While successful in his application before the Federal Court Trial Division under section 18 of the Federal Court Act, Mr. Martineau was again stymied by the Federal Court of Appeal, which ruled that a section 18 remedy was no more available than the section 28 one, in the case of a decision not required to be made on a judicial or quasi-judicial basis. In an appendix to the court's judgement, Chief Justice Jackett, while acknowledging that correctional officials should act on a fair and just basis, stated that any remedy for their failure to do so lay not with the judiciary but in the political arena. As I observed in Prisoners of Isolation, for federal prisoners, who at the time of the decision did not have the right to vote in federal elections, Chief Justice Jackett's decision "appeared as a mockery of their asserted legal rights" (at 130).

When the Martineau case returned to the Supreme Court of Canada for the second time, the jurisprudential ground proved more fertile. In 1979, in a decision involving the dismissal of a probationary police officer ( Nicholson v. Haldimand-Norfolk Regional Board of Police Commissioners, [1979] 1 S.C.R. 311 ), the Supreme Court had held that judicial review through certiorari was not limited to decisions classified as judicial or quasi-judicial. The court ruled that there was a general administrative law duty to act fairly, and that police disciplinary decisions were subject to that duty and therefore subject to the superintendency of the courts to ensure compliance with it. In its decision in the second Martineau case, The Supreme Court applied these principles to prison disciplinary decisions. After tracing the development of a parallel line of jurisprudence in the English courts, in which a general duty of fairness had been acknowledged, Mr. Justice Dickson rendered this critique of the legalistic doctrine in which only decisions affecting "rights" could trigger judicial review:

There has been an unfortunate tendency to treat "rights" in the narrow sense of rights to which correlative legal duties are attached. In this sense, "rights" are frequently contrasted with "privileges," in a mistaken belief that only the former can ground judicial review of decision-maker's actions . . . When concerned with individual cases and aggrieved persons, there is a tendency to forget that one is dealing with public law remedies which, when granted by the courts, not only set aright individual injustice but also ensure the public bodyies exercising powers affecting citizens heed the jurisdiction granted them. Certiorari stems from the assumption by the courts of supervisory powers over certain tribunals in order to ensure the proper functioning of the machinery of government. To give a narrow or technical interpretation to "rights" in an individual sense is to misconceive the broader purpose of judicial review of administrative action. ( Martineau v. Matsqui Institution Inmate Disciplinary Board, [1980] 1 S.C.R. 602 [hereafter referred to as Martineau (No. 2) ])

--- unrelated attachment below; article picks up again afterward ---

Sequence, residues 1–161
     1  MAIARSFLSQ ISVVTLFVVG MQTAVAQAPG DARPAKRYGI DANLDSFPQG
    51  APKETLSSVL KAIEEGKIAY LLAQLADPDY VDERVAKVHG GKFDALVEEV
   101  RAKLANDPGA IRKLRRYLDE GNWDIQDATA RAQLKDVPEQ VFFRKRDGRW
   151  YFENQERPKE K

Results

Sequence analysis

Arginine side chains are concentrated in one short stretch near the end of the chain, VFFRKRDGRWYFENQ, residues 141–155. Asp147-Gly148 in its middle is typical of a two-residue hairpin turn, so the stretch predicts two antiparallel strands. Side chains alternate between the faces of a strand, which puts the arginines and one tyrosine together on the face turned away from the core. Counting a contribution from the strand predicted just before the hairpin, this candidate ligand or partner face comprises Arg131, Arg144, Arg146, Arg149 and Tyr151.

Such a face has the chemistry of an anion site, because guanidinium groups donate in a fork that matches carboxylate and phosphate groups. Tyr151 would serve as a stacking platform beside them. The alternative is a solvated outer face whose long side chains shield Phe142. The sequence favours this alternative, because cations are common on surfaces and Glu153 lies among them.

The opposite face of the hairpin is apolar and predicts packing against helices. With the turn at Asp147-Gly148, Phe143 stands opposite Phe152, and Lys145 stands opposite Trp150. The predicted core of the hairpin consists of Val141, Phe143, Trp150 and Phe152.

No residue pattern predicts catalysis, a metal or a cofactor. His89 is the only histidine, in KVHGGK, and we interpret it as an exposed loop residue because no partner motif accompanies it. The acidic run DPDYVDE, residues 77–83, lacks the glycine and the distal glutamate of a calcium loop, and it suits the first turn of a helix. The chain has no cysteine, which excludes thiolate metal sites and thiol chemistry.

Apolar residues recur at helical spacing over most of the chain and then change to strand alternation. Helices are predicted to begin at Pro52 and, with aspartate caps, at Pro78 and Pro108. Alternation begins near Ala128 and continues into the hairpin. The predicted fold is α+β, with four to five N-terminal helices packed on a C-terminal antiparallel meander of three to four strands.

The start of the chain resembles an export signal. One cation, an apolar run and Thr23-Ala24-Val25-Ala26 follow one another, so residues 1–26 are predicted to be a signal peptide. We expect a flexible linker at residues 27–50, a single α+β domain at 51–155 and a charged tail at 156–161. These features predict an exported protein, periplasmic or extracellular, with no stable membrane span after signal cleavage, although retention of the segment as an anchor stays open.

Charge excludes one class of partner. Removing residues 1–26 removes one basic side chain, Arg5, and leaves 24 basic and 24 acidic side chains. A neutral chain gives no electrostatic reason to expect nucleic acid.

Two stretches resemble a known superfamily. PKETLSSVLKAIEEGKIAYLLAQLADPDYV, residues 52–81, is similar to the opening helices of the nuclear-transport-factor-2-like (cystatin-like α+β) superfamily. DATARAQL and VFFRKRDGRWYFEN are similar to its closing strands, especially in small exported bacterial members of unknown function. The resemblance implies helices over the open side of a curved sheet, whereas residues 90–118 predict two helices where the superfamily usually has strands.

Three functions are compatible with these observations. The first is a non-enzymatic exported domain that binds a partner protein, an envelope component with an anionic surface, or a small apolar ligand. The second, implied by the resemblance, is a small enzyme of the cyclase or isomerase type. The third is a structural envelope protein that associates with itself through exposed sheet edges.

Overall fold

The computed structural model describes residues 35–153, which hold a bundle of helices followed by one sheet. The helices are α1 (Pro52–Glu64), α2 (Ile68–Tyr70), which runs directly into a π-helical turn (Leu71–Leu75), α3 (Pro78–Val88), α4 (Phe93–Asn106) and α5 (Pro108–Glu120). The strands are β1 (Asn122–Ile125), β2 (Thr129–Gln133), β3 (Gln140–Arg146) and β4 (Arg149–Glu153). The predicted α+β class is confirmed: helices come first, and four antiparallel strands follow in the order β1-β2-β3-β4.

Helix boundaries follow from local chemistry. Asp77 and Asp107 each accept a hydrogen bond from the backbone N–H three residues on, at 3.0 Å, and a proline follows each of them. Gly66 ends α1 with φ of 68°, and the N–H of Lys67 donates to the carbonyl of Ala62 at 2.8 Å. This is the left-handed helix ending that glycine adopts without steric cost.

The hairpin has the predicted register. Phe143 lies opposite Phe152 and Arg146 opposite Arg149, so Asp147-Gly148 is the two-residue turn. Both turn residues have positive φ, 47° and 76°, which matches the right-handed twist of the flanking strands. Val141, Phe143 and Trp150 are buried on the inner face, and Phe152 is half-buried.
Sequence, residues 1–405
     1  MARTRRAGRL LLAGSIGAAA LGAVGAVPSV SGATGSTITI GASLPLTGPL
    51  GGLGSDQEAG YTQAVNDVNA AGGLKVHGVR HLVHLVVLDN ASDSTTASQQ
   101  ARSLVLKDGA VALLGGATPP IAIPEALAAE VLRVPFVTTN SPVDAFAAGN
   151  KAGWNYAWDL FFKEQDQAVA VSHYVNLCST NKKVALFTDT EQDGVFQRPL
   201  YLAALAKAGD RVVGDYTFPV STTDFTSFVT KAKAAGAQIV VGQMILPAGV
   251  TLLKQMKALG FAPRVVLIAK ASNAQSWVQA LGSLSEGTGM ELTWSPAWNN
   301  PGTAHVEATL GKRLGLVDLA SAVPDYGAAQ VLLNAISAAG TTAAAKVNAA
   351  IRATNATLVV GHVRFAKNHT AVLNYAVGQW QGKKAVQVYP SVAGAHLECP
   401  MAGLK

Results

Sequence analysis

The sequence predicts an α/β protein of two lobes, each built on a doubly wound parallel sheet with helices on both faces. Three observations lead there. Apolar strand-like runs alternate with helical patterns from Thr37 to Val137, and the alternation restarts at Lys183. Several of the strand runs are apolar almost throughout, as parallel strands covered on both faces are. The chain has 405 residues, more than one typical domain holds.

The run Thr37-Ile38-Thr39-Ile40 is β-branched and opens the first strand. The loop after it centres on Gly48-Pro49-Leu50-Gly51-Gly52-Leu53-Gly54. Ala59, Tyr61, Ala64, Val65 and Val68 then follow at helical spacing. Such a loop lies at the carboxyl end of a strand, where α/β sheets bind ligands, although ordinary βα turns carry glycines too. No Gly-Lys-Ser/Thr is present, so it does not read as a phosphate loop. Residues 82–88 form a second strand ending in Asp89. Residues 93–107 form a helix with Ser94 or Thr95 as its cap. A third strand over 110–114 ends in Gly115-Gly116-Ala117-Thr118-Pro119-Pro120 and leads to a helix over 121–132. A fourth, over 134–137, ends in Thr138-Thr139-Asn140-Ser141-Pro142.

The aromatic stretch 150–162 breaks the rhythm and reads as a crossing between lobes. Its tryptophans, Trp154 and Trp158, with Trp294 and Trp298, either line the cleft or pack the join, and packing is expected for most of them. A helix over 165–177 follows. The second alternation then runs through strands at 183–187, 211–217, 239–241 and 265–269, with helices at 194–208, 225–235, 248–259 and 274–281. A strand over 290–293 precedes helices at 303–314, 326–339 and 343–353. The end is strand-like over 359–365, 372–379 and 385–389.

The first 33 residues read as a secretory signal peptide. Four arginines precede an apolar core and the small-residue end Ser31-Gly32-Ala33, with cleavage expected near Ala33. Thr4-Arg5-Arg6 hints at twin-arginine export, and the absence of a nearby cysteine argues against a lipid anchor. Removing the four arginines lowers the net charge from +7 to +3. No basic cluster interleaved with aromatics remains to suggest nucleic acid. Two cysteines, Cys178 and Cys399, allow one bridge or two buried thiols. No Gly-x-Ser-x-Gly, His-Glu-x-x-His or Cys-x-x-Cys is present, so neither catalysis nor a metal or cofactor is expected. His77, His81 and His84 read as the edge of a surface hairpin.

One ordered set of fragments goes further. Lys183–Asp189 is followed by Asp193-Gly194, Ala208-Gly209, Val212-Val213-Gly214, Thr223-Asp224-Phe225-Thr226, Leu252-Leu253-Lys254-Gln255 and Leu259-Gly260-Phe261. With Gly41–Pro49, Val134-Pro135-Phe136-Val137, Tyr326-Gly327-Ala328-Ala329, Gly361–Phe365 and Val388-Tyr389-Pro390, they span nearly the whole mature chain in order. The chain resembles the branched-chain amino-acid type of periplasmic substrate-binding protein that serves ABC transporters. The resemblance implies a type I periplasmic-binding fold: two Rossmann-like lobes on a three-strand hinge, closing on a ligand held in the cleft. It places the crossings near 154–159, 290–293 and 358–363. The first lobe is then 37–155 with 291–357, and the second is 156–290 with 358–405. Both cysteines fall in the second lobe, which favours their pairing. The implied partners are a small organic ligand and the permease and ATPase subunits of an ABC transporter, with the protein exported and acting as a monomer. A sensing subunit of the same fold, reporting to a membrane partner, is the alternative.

In the particular context of prison disciplinary decisions, Mr. Justice Dickson unequivocally laid the groundwork for the modern theory and practice of judicial review of correctional decisions.

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Justice, later Chief Justice Brian Dickson